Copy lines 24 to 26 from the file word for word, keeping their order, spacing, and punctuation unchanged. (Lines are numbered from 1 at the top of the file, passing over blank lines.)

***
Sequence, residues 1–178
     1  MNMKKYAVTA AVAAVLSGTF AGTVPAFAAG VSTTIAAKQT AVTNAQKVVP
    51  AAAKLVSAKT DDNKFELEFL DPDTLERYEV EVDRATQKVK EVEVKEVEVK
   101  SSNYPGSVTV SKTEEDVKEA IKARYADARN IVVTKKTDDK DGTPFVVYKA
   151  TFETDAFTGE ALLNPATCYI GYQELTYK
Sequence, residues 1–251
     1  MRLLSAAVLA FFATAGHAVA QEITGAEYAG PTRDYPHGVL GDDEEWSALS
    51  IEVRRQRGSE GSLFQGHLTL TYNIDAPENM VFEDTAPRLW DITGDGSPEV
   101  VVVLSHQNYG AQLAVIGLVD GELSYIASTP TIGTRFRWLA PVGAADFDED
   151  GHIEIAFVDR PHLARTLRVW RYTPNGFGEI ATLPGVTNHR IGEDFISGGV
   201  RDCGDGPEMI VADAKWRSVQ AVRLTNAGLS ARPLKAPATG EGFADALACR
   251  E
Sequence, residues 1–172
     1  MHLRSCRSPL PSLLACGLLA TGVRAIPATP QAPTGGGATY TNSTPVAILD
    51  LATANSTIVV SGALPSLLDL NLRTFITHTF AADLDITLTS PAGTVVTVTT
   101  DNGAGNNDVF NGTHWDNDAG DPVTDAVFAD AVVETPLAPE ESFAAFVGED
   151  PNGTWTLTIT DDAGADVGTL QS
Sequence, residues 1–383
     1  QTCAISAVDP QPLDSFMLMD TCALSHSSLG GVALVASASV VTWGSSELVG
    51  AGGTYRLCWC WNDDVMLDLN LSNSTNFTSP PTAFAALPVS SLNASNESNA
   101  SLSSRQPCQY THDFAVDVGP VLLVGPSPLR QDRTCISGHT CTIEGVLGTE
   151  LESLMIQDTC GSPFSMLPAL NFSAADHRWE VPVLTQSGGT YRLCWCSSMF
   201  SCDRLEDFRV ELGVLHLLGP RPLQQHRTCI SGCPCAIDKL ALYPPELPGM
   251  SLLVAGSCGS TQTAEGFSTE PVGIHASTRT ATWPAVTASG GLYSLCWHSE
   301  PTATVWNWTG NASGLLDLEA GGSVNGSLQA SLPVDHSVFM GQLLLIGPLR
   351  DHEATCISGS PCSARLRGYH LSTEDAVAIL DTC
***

   251  SLLVAGSCGS TQTAEGFSTE PVGIHASTRT ATWPAVTASG GLYSLCWHSE
   301  PTATVWNWTG NASGLLDLEA GGSVNGSLQA SLPVDHSVFM GQLLLIGPLR
   351  DHEATCISGS PCSARLRGYH LSTEDAVAIL DTC